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RARA gene

retinoic acid receptor alpha
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Normal Function

The RARA gene provides instructions for making a transcription factor called the retinoic acid receptor, alpha (RARα). A transcription factor is a protein that attaches (binds) to specific regions of DNA and helps control the activity of particular genes. The RARα protein controls the activity (transcription) of genes that are important for the maturation (differentiation) of immature white blood cells beyond a particular stage called the promyelocyte.

The RARα protein binds to specific regions of DNA and attracts other proteins that help block (repress) gene transcription, the first step in protein production. In response to a specific signal, the repressive proteins are removed and other proteins that induce gene transcription bind to the RARα protein, allowing gene transcription and cell differentiation.

Health Conditions Related to Genetic Changes

Acute promyelocytic leukemia

Gene mutations can be acquired during a person's lifetime and are present only in certain cells. These mutations are called somatic mutations, and they are not inherited. A somatic mutation involving the RARA gene causes acute promyelocytic leukemia, a cancer of the blood forming tissue (bone marrow). Acute promyelocytic leukemia is characterized by an accumulation of promyelocytes in the bone marrow. A rearrangement (translocation) of genetic material between chromosomes 15 and 17, written as t(15;17), fuses part of the RARA gene on chromosome 17 with part of another gene on chromosome 15 called PML. The protein produced from this fused gene, the PML-RARα protein, functions differently than the protein products of the normal PML and RARA genes.

The PML-RARα protein binds to DNA and represses gene transcription, like the normal RARα protein. However, the PML-RARα protein does not respond to the signal to induce transcription of genes, so the genes remain repressed.

Additionally, the function of the PML protein, the product of the PML gene, is disrupted. The PML protein blocks cell growth and division (proliferation) and induces self-destruction (apoptosis) in combination with other proteins. However, the PML-RARα protein does not block proliferation or induce apoptosis.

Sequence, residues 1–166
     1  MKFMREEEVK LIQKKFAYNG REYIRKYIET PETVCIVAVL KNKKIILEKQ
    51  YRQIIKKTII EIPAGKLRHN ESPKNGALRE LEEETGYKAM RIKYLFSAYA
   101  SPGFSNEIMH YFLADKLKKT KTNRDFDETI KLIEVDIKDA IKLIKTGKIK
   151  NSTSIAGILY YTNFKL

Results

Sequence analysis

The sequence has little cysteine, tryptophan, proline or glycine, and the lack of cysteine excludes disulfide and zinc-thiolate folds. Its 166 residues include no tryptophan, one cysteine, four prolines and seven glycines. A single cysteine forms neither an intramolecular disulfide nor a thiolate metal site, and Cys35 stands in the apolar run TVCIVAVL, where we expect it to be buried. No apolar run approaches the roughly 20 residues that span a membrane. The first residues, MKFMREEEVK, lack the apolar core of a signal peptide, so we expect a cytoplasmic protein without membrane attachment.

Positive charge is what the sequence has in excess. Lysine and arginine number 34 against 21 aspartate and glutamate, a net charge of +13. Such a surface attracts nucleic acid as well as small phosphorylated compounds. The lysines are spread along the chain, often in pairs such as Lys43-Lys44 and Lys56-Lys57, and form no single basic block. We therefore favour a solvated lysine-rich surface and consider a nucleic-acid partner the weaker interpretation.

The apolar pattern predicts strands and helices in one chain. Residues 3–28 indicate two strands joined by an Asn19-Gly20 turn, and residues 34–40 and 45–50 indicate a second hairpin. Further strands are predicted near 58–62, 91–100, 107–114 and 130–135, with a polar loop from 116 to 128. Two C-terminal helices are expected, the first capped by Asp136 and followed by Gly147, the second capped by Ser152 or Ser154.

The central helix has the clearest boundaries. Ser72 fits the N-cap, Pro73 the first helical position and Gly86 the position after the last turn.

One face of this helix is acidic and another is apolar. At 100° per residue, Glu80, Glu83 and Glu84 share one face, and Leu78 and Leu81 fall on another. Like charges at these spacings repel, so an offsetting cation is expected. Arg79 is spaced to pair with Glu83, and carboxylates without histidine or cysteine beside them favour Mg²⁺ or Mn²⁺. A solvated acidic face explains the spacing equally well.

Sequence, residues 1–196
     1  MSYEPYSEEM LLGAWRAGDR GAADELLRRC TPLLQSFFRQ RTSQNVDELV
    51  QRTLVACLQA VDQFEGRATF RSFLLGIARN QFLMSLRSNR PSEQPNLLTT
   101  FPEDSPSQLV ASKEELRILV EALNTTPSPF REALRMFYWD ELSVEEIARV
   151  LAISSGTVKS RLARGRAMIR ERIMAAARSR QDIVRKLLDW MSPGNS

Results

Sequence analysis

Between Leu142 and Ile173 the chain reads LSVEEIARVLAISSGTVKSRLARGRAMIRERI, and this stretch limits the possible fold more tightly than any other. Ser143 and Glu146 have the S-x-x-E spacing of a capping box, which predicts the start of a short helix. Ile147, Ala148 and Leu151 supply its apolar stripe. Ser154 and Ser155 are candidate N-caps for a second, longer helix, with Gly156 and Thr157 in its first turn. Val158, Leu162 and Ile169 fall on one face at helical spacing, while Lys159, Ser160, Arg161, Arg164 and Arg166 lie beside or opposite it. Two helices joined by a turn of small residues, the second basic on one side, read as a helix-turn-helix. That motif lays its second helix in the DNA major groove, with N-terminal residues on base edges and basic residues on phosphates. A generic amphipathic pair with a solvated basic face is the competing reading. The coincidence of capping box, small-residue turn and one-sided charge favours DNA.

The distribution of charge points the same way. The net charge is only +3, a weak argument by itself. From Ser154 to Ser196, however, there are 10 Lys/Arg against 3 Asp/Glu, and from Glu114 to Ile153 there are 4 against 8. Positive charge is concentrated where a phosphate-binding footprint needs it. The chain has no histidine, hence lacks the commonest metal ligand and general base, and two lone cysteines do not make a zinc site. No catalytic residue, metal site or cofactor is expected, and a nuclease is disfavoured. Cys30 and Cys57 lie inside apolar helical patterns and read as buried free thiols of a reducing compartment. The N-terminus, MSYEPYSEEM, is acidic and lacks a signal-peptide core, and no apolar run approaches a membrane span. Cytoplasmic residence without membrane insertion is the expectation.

The PML-RARα protein blocks the differentiation of blood cells at the promyelocyte stage and allows abnormal cell proliferation. As a result, excess promyelocytes accumulate in the bone marrow and normal white blood cells cannot form, leading to acute promyelocytic leukemia.

More About This Health Condition

Other Names for This Gene

  • NR1B1
  • nuclear receptor subfamily 1 group B member 1
  • RAR
  • RAR-alpha
  • retinoic acid receptor, alpha

Additional Information & Resources

Tests Listed in the Genetic Testing Registry

Scientific Articles on PubMed

Catalog of Genes and Diseases from OMIM

Research Resources

References

  • Collins SJ. The role of retinoids and retinoic acid receptors in normal hematopoiesis. Leukemia. 2002 Oct;16(10):1896-905. Review. Citation on PubMed
  • de Thé H, Lavau C, Marchio A, Chomienne C, Degos L, Dejean A. The PML-RAR alpha fusion mRNA generated by the t(15;17) translocation in acute promyelocytic leukemia encodes a functionally altered RAR. Cell. 1991 Aug 23;66(4):675-84. Citation on PubMed
  • Pandolfi PP. Oncogenes and tumor suppressors in the molecular pathogenesis of acute promyelocytic leukemia. Hum Mol Genet. 2001 Apr;10(7):769-75. Review. Citation on PubMed
  • Salomoni P, Pandolfi PP. The role of PML in tumor suppression. Cell. 2002 Jan 25;108(2):165-70. Review. Citation on PubMed
  • Zelent A, Guidez F, Melnick A, Waxman S, Licht JD. Translocations of the RARalpha gene in acute promyelocytic leukemia. Oncogene. 2001 Oct 29;20(49):7186-203. Review. Citation on PubMed
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